But something isn’t quite right with Clio’s writing. And as Livvie learns more about Clio’s relationship with playwright Flora Haynes, uncomfortable parallels emerge between Livvie’s own circle of friends and the drama-filled world of expatriate artists in the 1920s. In Clio’s final days, the writer shares a secret that could upend Livvie’s life—and the literary establishment.
Murder and Gold by Ann Aptaker
New York City, 1954.
Two women are found murdered. One is Lorraine Quinn, Cantor Gold’s most recent one-night-stand. The other is political power broker and aspiring New York socialite Eve Garraway, a regular client of Cantor’s stolen art trade.
Police nemesis, Lieutenant Norm Huber, wants to pin the murders on Cantor, send her to prison, and put her in the electric chair. He’ll get evidence on her any way he can. Into this cauldron of danger and death come two other women, each with ties to Cantor’s past. One hates her until passion intervenes; the other harbors darkly hidden feelings.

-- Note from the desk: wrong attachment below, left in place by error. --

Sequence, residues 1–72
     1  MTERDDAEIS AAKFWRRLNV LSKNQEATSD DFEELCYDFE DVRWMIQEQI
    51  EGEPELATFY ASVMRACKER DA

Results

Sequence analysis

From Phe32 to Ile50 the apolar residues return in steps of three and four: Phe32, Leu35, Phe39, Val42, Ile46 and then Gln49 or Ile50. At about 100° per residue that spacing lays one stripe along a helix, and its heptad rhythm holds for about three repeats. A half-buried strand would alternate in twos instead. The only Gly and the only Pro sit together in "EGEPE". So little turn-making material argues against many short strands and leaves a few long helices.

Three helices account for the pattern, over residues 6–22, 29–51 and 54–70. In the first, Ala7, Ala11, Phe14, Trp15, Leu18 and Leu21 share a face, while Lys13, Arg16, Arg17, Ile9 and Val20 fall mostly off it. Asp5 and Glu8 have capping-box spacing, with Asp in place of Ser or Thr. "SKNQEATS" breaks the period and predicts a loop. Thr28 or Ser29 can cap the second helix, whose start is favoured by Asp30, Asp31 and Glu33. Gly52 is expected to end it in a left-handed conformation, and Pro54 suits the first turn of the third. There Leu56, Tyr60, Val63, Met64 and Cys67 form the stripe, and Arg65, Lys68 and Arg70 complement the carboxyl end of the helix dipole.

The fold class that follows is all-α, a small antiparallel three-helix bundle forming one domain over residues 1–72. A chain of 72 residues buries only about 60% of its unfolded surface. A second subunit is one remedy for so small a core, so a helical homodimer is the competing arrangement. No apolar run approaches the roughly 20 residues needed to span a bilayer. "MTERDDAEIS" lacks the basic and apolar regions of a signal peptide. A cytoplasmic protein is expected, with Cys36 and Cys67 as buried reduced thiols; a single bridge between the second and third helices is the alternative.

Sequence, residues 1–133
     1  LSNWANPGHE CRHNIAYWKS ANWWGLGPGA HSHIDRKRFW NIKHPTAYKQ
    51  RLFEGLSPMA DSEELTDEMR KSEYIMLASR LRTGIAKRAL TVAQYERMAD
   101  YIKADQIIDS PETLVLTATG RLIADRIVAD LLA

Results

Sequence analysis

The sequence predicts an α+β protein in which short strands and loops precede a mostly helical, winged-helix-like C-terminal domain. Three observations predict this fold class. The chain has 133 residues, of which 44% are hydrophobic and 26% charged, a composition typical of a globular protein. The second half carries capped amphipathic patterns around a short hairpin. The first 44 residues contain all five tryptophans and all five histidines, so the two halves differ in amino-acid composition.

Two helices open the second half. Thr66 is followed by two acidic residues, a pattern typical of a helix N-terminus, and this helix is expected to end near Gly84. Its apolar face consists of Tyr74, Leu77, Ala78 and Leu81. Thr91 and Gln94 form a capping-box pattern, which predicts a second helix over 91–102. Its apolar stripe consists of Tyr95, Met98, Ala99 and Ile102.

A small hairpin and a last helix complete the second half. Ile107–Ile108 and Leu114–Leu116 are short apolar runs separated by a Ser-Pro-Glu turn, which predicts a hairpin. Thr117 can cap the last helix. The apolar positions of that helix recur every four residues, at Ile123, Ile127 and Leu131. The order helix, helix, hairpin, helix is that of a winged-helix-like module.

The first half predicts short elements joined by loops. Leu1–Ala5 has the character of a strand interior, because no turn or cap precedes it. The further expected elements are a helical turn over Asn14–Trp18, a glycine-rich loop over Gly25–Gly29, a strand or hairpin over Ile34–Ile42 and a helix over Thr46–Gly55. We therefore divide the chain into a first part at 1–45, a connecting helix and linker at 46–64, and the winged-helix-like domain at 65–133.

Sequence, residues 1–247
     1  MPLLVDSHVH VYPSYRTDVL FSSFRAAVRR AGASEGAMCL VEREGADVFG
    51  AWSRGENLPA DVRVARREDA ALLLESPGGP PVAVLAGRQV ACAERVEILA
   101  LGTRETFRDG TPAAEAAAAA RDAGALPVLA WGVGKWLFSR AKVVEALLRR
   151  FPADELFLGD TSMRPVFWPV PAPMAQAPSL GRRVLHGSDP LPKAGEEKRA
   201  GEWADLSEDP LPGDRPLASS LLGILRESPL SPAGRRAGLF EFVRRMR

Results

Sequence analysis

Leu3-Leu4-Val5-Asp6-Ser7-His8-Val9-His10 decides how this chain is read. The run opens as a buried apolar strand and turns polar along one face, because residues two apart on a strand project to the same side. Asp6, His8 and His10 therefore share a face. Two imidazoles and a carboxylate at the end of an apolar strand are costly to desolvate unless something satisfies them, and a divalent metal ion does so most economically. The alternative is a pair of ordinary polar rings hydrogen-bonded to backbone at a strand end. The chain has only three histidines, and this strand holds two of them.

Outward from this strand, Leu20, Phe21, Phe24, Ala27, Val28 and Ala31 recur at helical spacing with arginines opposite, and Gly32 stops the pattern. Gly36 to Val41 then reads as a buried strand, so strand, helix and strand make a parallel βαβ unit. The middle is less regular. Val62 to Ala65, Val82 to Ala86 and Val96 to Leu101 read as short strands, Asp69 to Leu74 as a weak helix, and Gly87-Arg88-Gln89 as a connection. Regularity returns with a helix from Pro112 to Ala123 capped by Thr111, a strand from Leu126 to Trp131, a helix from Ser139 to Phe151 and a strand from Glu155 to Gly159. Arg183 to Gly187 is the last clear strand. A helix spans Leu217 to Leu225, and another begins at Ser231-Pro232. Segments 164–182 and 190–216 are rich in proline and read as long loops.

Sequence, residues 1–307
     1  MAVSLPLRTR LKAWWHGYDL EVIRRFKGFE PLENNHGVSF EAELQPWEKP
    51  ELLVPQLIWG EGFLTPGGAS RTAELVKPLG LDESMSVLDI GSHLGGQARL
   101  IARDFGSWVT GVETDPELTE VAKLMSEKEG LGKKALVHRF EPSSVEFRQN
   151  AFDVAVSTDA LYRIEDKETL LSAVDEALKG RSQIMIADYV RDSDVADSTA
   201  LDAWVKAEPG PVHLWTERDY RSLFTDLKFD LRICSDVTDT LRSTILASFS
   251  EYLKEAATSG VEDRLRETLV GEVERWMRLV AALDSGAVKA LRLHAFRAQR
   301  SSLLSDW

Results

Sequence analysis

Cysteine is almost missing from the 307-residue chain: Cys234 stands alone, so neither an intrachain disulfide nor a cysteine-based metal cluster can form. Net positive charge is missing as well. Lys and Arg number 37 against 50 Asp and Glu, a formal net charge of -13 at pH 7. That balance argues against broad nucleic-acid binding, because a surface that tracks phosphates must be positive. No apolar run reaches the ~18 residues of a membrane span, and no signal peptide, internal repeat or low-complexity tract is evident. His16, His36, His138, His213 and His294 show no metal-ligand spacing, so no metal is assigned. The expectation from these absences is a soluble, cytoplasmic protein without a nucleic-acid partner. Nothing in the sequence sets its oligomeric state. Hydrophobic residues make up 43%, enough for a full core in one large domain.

Set during the earliest stirrings of the Homosexual Rights Movement, Cantor begins to question her own tenuous identity, and the trade-offs she must make to get what she wants.
Cantor Gold, dapper butch art thief and smuggler for whom survival is everything, must now grapple with two fronts: surviving the shifting sands of the criminal underworld, and navigating the changing tides of society.
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Leave a comment and let us know which book you’ll be reading for the “character isn’t Hollywood beautiful” category!
The 2022 Reading Challenge: Sapphic Book Bingo
There will be a year-long reading challenge in 2022 too! I’m working on putting together a Sapphic Book Bingo. Make sure you subscribe to my blog to get the Sapphic Book Bingo posts sent to your in-box starting on January 1!
3 thoughts on “Character isn’t “Hollywood beautiful” (Sapphic Reading Challenge #47)”
yeah for a new challenge in 2022!
Hi, Jae. I count 14 titles. Is that correct?
I recommend Lori L. Lake’s ‘Gun Shy’ – it has a bodybuilding cop as a MC. If you like sweet love stories, big strong gals, and cop shows you’re probably gonna love this book.